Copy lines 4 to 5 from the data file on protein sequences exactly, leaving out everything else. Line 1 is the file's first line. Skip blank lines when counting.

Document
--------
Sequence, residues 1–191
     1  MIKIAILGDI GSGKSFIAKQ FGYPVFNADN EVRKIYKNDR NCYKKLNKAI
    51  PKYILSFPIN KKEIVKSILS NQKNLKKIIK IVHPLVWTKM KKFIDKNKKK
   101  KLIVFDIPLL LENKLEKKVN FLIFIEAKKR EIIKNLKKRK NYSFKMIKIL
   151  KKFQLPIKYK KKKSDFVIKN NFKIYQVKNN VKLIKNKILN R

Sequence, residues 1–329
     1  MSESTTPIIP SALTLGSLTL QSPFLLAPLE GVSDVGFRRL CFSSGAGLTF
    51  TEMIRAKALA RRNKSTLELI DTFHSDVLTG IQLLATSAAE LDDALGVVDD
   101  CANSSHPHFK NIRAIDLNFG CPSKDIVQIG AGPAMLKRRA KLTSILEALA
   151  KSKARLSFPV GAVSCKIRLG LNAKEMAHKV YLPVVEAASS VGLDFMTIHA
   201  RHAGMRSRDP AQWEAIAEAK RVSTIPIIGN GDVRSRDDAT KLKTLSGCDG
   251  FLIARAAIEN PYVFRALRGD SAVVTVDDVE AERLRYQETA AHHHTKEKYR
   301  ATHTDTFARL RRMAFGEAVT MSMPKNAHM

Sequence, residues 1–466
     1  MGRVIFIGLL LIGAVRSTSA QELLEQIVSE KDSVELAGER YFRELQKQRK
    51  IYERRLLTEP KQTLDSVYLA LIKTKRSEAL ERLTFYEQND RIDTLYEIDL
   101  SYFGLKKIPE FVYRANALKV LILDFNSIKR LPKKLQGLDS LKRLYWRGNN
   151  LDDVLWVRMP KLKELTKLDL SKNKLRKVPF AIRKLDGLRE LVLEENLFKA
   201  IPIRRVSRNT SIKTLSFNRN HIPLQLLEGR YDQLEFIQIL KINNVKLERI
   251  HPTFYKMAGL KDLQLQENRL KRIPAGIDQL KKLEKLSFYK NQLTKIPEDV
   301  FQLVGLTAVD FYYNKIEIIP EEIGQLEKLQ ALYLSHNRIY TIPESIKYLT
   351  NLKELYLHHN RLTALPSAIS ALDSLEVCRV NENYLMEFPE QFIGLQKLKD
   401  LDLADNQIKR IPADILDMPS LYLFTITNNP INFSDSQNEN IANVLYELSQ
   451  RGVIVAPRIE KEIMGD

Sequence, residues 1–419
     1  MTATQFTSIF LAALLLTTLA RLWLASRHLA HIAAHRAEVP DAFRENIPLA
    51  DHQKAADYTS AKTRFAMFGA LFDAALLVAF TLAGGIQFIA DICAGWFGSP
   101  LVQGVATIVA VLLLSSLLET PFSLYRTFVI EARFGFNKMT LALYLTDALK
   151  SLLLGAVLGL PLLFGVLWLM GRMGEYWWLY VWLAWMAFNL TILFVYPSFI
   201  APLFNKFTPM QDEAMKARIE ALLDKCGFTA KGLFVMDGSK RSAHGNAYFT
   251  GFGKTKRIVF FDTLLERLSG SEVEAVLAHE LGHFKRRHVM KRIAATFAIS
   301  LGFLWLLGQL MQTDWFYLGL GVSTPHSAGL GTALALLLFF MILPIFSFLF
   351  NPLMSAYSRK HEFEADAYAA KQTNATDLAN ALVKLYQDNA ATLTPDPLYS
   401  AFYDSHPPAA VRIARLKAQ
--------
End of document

   101  KLIVFDIPLL LENKLEKKVN FLIFIEAKKR EIIKNLKKRK NYSFKMIKIL
   151  KKFQLPIKYK KKKSDFVIKN NFKIYQVKNN VKLIKNKILN R